The Seattle Times - January 27, 2004

David Bowie: Supercool rock icon ever ch-ch-changing for the better

By Patrick MacDonald

Concert Review:
David Bowie and Macy Gray, Sunday night at the Paramount Theatre, Seattle.

Now that's what I call a rock star!

Forty years after his first recordings, David Bowie has not lost any of his charisma, charm or sex appeal. At 57, he is still every inch a superstar, still brimming with style and panache, although his youthful rebelliousness has been replaced by cool sophistication and utter confidence.

He sported a huge, toothy smile throughout a two-hour set. You could see the twinkle in his eyes from 40 rows back. He was having fun, and so was the capacity crowd.

Bowie remains the most seductive of rock stars. He charmed and teased the audience, especially the mostly young, wildly energetic fans clustered at the lip of the stage. He saluted some tour followers by name, borrowed a pair of shades from someone, invited everyone on a date, let the crowd sing while he listened, and talked to us like we were in his living room.

The set was a celebration of his whole body of work. He featured some of his biggest hits, songs from his impressive new "Reality" album, covers from a variety of sources, and obscure songs from his past.

The show was as glittery and bright as his smile. A Cinerama-sized screen showed brilliantly colored animation, aerial films of Bowie's adopted home of New York, swirling light shows and live shots from hidden stage cameras, altered to grainy black-and-white or Day-Glo monochromatic tones.

Bowie delved right into his classic image with the opening song, "Rebel Rebel," from 1974, followed by "New Killer Star," an observation on stardom from "Reality."

Early in the set came the chunky "Fame"; the celebration of male sexuality, "All The Young Dudes," a hit he wrote for Mott the Hoople; the darkly romantic "Cactus," from the Pixies; the supercool "China Doll," with a bright-red backdrop on the superscreen; and Neil Young's sublime ballad, "I've Been Waiting For You."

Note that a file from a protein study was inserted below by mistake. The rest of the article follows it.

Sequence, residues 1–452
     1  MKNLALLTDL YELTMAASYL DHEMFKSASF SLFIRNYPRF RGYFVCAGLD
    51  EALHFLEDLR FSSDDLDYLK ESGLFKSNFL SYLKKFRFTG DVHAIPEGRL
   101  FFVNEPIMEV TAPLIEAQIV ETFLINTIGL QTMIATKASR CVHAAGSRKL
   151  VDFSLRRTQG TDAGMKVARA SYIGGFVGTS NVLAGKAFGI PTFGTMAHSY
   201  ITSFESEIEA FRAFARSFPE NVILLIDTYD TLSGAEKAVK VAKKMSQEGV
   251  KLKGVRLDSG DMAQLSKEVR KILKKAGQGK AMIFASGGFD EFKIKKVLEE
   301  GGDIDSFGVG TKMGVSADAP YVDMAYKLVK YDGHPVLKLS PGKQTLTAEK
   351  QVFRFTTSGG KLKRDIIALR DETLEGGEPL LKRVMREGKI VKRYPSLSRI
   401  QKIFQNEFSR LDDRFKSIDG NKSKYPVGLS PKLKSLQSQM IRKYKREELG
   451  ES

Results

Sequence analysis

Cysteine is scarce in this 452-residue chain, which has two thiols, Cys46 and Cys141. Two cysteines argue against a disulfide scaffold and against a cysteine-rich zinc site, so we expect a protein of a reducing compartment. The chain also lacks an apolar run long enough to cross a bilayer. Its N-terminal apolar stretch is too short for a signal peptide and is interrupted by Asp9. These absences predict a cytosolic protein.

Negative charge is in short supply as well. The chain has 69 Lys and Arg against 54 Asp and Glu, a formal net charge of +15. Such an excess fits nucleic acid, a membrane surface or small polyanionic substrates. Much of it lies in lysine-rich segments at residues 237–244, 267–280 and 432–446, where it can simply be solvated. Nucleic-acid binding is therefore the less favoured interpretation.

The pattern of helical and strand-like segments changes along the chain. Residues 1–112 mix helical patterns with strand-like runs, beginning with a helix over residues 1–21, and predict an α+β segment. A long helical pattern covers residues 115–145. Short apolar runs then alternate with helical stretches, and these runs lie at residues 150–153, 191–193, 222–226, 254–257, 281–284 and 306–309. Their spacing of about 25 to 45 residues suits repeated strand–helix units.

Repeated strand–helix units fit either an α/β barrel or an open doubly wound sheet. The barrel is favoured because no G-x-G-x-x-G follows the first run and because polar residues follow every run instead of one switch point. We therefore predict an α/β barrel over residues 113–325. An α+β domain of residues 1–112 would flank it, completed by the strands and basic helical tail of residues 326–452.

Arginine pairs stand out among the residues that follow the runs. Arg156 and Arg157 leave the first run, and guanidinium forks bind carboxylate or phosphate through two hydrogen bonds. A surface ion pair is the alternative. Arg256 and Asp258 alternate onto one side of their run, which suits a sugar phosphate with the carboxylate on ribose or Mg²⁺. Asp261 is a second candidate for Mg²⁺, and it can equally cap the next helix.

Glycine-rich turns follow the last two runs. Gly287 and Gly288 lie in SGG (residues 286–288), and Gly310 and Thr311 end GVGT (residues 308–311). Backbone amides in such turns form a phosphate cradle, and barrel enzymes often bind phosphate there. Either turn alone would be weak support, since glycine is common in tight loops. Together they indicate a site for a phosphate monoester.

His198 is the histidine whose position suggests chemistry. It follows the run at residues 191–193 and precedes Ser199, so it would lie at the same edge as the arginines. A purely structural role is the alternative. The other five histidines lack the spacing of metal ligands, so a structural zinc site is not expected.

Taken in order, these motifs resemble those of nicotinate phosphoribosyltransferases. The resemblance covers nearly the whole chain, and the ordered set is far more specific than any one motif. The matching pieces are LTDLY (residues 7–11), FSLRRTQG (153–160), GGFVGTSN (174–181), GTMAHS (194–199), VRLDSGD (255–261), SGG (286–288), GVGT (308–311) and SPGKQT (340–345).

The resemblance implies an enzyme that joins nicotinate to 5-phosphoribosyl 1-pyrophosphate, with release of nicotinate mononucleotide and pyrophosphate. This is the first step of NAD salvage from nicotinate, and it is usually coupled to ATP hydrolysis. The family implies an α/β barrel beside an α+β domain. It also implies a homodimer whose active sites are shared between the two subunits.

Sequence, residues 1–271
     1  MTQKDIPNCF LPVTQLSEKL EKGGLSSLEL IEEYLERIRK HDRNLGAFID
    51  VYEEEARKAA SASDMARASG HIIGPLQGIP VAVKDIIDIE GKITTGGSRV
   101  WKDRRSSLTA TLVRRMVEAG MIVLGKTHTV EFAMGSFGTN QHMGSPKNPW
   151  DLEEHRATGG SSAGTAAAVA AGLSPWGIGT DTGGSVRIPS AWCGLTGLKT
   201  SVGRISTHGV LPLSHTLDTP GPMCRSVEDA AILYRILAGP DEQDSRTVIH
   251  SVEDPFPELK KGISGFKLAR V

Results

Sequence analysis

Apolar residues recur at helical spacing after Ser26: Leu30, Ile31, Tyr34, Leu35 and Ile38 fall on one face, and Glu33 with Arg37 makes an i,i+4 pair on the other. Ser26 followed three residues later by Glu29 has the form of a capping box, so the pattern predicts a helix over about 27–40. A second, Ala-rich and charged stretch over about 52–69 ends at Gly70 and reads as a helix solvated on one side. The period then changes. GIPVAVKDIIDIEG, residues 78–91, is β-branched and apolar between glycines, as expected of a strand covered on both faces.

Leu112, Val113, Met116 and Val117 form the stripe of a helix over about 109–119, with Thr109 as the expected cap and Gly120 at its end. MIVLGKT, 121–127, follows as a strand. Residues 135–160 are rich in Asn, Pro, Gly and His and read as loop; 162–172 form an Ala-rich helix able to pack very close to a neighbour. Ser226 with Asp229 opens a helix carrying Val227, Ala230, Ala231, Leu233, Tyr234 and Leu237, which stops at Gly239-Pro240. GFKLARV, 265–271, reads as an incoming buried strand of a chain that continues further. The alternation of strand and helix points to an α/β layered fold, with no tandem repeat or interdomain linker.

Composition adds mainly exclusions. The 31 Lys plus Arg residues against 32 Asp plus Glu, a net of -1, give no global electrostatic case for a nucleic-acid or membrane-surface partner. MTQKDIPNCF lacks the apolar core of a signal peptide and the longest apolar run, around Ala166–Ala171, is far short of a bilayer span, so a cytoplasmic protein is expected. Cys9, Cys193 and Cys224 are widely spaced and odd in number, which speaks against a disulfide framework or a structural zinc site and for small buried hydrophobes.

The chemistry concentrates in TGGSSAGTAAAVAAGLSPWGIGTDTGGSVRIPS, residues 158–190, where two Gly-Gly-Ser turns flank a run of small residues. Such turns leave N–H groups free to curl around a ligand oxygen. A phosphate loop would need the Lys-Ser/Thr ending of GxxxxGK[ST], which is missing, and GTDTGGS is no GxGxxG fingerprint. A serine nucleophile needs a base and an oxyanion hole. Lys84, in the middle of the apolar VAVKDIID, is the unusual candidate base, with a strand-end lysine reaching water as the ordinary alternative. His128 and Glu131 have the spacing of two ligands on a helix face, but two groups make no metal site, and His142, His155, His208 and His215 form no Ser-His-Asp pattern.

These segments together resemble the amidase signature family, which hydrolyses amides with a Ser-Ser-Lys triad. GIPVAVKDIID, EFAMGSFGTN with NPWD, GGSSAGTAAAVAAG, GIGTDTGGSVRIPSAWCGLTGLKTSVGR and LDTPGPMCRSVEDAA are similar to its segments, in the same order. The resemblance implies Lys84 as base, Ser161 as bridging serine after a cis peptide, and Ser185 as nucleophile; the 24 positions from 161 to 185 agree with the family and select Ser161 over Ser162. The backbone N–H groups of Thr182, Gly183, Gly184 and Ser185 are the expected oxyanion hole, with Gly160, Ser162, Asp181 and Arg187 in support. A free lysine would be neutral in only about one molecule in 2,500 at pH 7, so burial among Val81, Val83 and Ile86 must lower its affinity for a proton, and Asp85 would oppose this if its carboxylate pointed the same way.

The middle of the set featured songs from 1977's underrated "Low" album, including the instrumental "A New Career In A New Town," "Be My Wife" and "Always Crashing in the Same Car," followed by "Hallo Spaceboy" from the 1995's "Outside" CD.

Bassist Gail Ann Dorsey ably supplied the Freddie Mercury vocals for "Under Pressure," which Bowie recorded with Queen. The dramatic ballad "Life on Mars?" showed Bowie's voice to be in perfect form.

The windup to the finale pitched one high-powerful hit after another, starting with "Panic in Detroit" and continuing with "Ashes to Ashes," The Velvet Underground's "White Light/White Heat," the churning "I'm Afraid of Americans" (about the Americanization of the whole world), and, finally, the uplifting "Heroes."

The encore continued the excitement, with the countdown-paced "Five Years" followed by the intense rockers "Suffragette City" and "Ziggy Stardust." The cheers lasted long after Bowie and band - which included longtime collaborators Earl Slick on guitar, Mike Garson on keyboards and Sterling Campbell on drums - left the stage.

Just like Bowie's first Seattle show 32 years ago in the same theater, it was a night to remember.

Opening act Macy Gray won over the crowd, and pumped them up for Bowie, with a great, fun set reminiscent of R&B revues of the 1950s and '60s. Her seven-piece band wore red suits, her two background singers were in low-cut gowns, and Gray sported a huge Afro wig. Her songs about partying were infectious, and the ballads - especially her breakthrough hit, "I Try" - were moving.